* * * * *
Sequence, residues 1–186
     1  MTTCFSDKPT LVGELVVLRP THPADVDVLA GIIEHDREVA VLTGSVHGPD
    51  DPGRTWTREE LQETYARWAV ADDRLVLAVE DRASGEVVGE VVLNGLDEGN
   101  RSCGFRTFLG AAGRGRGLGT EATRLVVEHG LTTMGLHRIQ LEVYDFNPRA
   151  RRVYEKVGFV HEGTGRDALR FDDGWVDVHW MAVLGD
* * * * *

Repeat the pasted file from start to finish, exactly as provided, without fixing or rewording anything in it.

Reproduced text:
Sequence, residues 1–186
     1  MTTCFSDKPT LVGELVVLRP THPADVDVLA GIIEHDREVA VLTGSVHGPD
    51  DPGRTWTREE LQETYARWAV ADDRLVLAVE DRASGEVVGE VVLNGLDEGN
   101  RSCGFRTFLG AAGRGRGLGT EATRLVVEHG LTTMGLHRIQ LEVYDFNPRA
   151  RRVYEKVGFV HEGTGRDALR FDDGWVDVHW MAVLGD